Azar Stumps for Plan to Hold Down Prescription Drug Costs

The HHS secretary took on critics who said the plan went too easy on pharma and touted provisions that he said would change incentives that have worked in favor of companies and against patients.

After early reviews found the Trump administration’s plan to contain drug costs too pharma-friendly, HHS Secretary Alex Azar—a former Eli Lilly president—hit the airwaves with a campaign-style speech that called the plan “more sweeping than any drug-pricing initiative ever.”

In appearances on the Hugh Hewitt show and before a gathering of HHS staff, Azar touted the details of the plan, insisting it would “shake up this system” while he vowed to listen to industry, patients, and other stakeholders.

If Azar succeeds with help from FDA Commissioner Scott Gottlieb, MD, and CMS Administrator Seema Verma, they will have tackled the single issue that united voters from across the political spectrum in one of the most contentious elections in US history. Polls showed that young and old, rich and poor, Democrat and Republican, Americans either experienced the frustration of high prescription drug prices or knew someone who did, and they blamed pharmaceutical companies.

Among the specifics Azar touted in remarks at HHS:

  • Medicare would stop overpaying for drugs in “protected classes,” which are defined as those that are essential to treat serious conditions. Current rules bar real negotiations on these drugs, which Azar said cost taxpayers $30 billion a year.
  • He pushed back on charges that expanding the ability of health plans to negotiate on behalf of taxpayers breaks President Donald Trump’s campaign promise. Instead, Azar claimed that former Obama advisor and Congressional Budget Office chief Peter Orzsag had concluded that direct negotiation would not yield savings and the only other solution was to refuse to cover certain drugs. The Trump plan would have different Medicare Part D plans cover different drugs, and let seniors choose.
  • Azar elaborated at length on Trump’s wish to merge Medicare Part B and Part D, to end brokering over different reimbursement rules, and to dramatically cut costs. At a minimum, Trump wants to at least create a Part B “Competitive Acquisition Program.” Congress will have to get involved for this part, but for taxpayers, it could mean an end to annual price hikes to old drugs—and for consumers who take chemotherapy, increases for their part of the 20% cost-sharing.

“The President has called on us to to merge Medicare Part B into Part D, where negotiation has been so successful on so many drugs,” at the health plan level, Azar said. “This is how we follow through on his promise to do smart bidding and tough negotiating for our seniors.”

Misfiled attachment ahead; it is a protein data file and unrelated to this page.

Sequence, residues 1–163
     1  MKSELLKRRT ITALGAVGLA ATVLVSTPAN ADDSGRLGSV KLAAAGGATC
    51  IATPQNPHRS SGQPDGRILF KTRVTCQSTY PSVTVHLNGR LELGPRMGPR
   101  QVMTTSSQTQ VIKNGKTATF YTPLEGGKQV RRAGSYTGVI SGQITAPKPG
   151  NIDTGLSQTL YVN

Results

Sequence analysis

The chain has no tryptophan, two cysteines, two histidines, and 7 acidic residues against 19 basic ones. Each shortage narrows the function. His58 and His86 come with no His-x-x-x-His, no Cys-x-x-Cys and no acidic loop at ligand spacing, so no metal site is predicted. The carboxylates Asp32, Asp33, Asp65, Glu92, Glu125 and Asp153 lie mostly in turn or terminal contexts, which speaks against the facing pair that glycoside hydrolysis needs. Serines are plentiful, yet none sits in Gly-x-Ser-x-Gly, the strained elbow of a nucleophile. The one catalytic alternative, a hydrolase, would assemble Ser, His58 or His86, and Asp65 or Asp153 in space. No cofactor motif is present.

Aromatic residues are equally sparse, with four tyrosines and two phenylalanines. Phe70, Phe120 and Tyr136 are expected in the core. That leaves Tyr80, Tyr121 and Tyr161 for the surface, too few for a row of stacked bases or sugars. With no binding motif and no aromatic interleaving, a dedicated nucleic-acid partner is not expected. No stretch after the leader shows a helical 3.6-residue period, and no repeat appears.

Azar addressed Trump’s failure to call for allowing patients to import drugs, something he endorsed as a candidate. “Canada’s market is simply too small to bring down prices here,” the secretary said, and US regulators could not ensure imports would meet safety standards.

Finally, the HHS secretary address the pharmaceutical industry's gamesmanship that he said keeps competitors off the market through methods like denying samples to test generics to gag clauses to a rule in the Affordable Care Act that he said caps penalties that companies pay when price hikes exceed inflation. “There are now 2500 drugs that have hit this cap,” Azar said.

He also took aim at the Average Manufacturer Price, the basis for what government pays even though it should have much better purchasing power. This change alone could save 30% to 40% of many drugs, he said.

Azar took another turn at manufacturers’ rebates, the payments that go to health plans and pharmacy benefit manufacturers to ensure formulary placement, and said that instead of “middlemen” taking a cut, fixed-price discounts could be the new normal. FDA and CMS are working on rules to require posting prices in direct-to-consumer advertising, he said.

While many evaluations noted that pharmaceutical stocks rose and analysts’ notes did not find the plan would do damage, Forbes' Avik Roy wrote in The Apothecary that the Trump team was not getting enough credit. “The hot take is that the new plan will achieve little, because it doesn’t ask Medicare to directly negotiate drug prices."

But the hot take is "badly misinformed," Roy wrote. “The Trump plan, if enacted, represents a sea change in pharmaceutical pricing policy, one that will have a significant effect on drug prices in the future.”

In his remarks, Azar said based on personal experience, the chief problem is that the drug business is insulated from normal market forces, and “is set up to benefit the manufacturers and the middlemen, not the patients.”

“The necessary changes here represent opportunities—opportunities not just to better serve our patients and communities, but to move away from a system that frustrates so many Americans, and attracts endless political ire.”

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